Fear is the secret sauce of religion. Were one to look through the history of religion, one would see quickly, the ways in which failed crops, drought, disease, economic collapse, the loss of battles or the loss of a child would throw a king or queen, bishop or lord into a spiral of fury and fear. It is difficult when one does not feel in control. And so, as a means by which to regain control, religion would step in. A human or bestial sacrifice, a long liturgy, a public trial, and execution, or the invocation of the gods or of God would be used to bring a sense of order, but really, just a feeling of control over the order.
In the days around Christmas, monks and clergy would parade around English farms with chests filled with the bones of saints in order to bless otherwise evil lands and so, bring a good harvest. A good harvest meant money and money meant food for the poorest, and power for the wealthiest. And the wealthiest were the monks, who charged for the service.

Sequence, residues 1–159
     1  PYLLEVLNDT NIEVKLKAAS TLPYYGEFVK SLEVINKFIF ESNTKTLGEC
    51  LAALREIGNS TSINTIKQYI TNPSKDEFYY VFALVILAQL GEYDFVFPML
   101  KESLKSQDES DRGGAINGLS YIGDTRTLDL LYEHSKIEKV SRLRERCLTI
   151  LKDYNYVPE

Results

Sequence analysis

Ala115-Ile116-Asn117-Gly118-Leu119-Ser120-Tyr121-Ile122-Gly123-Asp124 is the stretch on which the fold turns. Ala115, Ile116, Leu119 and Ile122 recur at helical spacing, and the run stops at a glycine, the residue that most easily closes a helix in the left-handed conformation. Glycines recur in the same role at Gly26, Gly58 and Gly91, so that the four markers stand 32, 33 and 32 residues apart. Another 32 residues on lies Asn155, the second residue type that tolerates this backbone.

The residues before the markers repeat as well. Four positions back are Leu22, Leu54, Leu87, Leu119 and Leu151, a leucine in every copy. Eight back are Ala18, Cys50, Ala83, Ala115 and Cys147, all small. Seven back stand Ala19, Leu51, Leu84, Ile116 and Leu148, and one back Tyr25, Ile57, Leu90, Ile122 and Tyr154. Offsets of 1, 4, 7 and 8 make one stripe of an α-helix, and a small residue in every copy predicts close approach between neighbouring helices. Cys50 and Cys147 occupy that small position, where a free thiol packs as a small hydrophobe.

Today, things seem rather less evolved than one might have hoped. We still demand a sacrifice when the economy turns down, though the sacrifice is no longer a cow but rather, a media attack. We have not migrated far from the roman colosseum. We still sit in our seats cheering destruction, however now, it is while watching the nightly news, the canceling of someone threatening power or simply the salacious rumor-mongering as vigorous in church as in state. We simply must ACT when we are afraid. It makes us feel powerful. it is also emotionally unintelligent.
But what if we became quiet instead. What if the land is holy and beautiful, and it is some clergy that are diseased and evil? What if repression and judgment are as violent as any bomb? What if the response to fear is better a walk than a sacrifice? What if the response to an economic collapse is better to determine the next steps rather than find blame in sinners and sins?
I used to go to church to feel better about my fears. Now I walk the land. Trees, eagles, seagulls, waves – they never wag a finger or invoke a deity. They live until eaten, burned or broken. Theirs is a better way I think. Let’s sell the relics, crosses, and vestments – let’s use the money to feed the hungry and clothe the cold. Let’s make clergy, at least the creepy ones, find a real job – something productive of a new age of fearlessness.